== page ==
1. Alspaugh, L. (2019). s Cultural Appropriation Braided into Fashion Coverage? An Examination of American Magazines. Elon Journal of Undergraduate Research in Communications, 10(1), 6–14. Retrieved from
  2. Bradley, C. (2019, April 12). What Does cultural appropriation Mean? Retrieved from
  3. Cashmore, E., & Jennings, J. (2001). Racism: essential readings. London: Sage.
  4. CULTURAL APPROPRIATION: meaning in the Cambridge English Dictionary. (n.d.). Retrieved from
  5. Cultural Essentialism: Definition and Video Examples. (n.d.). Retrieved from
  6. Demopoulos, A. (2018, October 31). Inside Fashion’s Big Problem With Cultural Appropriation. Retrieved from
  7. Framing Theory. (2012, November 1). Retrieved from
  8. Green, D. N., & Kaiser, S. B. (2017). Fashion and Appropriation. Fashion, Style & Popular Culture, 4(2), 145–150. doi: 10.1386/fspc.4.2.145_2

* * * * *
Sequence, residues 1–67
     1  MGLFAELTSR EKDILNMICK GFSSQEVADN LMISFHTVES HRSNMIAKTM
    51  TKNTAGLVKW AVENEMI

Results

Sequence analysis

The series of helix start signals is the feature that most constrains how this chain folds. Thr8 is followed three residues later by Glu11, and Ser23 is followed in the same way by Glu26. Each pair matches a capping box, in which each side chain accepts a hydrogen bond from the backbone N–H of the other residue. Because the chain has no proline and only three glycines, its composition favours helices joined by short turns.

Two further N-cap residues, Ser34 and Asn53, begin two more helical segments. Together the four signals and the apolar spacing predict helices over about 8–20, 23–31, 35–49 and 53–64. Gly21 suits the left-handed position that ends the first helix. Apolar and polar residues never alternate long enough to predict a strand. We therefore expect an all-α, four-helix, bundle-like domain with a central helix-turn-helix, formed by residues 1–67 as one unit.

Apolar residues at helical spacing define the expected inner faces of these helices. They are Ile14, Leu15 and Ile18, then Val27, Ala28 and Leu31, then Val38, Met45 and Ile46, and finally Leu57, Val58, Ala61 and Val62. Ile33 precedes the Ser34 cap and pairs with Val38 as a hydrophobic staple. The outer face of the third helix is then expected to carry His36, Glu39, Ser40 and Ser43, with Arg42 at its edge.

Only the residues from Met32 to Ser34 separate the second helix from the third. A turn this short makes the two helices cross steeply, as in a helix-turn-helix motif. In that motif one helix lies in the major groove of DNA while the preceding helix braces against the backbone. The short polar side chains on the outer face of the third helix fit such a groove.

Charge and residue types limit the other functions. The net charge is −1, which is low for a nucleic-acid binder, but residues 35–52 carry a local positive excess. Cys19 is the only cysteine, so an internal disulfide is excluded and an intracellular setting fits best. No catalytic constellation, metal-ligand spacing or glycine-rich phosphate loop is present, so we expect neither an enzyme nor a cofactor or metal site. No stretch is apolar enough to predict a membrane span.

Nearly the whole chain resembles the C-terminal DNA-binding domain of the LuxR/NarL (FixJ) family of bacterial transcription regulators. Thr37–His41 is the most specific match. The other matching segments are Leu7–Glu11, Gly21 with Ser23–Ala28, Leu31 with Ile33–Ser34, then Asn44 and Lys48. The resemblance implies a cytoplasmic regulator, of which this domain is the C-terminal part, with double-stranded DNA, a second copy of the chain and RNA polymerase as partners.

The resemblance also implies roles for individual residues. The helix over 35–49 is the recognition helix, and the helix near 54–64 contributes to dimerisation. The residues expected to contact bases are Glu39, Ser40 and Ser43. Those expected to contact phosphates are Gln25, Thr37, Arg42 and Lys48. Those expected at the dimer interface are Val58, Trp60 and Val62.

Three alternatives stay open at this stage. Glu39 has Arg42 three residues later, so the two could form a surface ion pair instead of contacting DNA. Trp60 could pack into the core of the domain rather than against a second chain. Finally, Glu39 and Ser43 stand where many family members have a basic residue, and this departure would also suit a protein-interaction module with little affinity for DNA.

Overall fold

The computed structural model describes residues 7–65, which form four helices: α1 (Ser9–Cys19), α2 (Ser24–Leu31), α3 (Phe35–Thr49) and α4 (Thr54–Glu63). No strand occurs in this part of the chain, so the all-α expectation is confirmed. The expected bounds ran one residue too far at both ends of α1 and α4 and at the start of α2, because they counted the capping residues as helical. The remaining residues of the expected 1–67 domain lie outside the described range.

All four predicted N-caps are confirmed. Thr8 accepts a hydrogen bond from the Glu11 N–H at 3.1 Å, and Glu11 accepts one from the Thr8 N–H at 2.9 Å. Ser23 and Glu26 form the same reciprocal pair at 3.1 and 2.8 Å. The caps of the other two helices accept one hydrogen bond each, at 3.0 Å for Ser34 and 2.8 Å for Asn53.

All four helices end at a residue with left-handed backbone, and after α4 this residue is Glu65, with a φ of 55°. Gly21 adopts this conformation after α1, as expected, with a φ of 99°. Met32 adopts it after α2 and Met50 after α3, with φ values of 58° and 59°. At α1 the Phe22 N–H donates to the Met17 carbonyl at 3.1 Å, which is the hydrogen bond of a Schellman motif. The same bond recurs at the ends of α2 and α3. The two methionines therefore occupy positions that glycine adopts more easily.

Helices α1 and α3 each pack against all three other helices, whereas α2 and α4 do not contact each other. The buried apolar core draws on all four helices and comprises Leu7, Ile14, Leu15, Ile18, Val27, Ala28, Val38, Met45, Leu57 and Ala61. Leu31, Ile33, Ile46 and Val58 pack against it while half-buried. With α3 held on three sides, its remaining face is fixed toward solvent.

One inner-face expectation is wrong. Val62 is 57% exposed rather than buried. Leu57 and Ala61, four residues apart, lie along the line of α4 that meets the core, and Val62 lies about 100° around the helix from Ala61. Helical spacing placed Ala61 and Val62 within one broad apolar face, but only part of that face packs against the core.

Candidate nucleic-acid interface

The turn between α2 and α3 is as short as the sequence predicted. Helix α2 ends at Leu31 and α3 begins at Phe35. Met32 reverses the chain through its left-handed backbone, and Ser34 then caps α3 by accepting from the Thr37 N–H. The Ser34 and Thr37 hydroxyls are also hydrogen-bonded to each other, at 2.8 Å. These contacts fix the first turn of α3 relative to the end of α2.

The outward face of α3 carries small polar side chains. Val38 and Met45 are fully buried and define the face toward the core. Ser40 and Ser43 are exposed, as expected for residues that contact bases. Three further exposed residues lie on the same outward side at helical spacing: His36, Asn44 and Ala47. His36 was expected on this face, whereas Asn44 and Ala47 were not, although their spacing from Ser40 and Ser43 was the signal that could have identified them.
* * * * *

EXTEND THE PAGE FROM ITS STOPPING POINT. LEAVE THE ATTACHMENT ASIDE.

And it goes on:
9. How Inclusive is the Fashion Industry of Today? . (2019, July 16). Retrieved from
  10. Intersectionality. (n.d.). Retrieved from
  11. Rogers, R. A. (2006). From Cultural Exchange to Transculturation: A Review and Reconceptualization of Cultural Appropriation. Communication Theory, 16(4), 474–503. doi: 10.1111/j.1468-2885.2006.00277.x
  12. Wilson, E. (2013, August 7). Fashion’s Blind Spot. Retrieved from

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The Dichotomy of Cultural Appropriation and Cultural Appreciation. (2022, Jun 16). Edubirdie. Retrieved October 3, 2022, from
“The Dichotomy of Cultural Appropriation and Cultural Appreciation.” Edubirdie, 16 Jun. 2022,
The Dichotomy of Cultural Appropriation and Cultural Appreciation. [online]. Available at: <> [Accessed 3 Oct. 2022].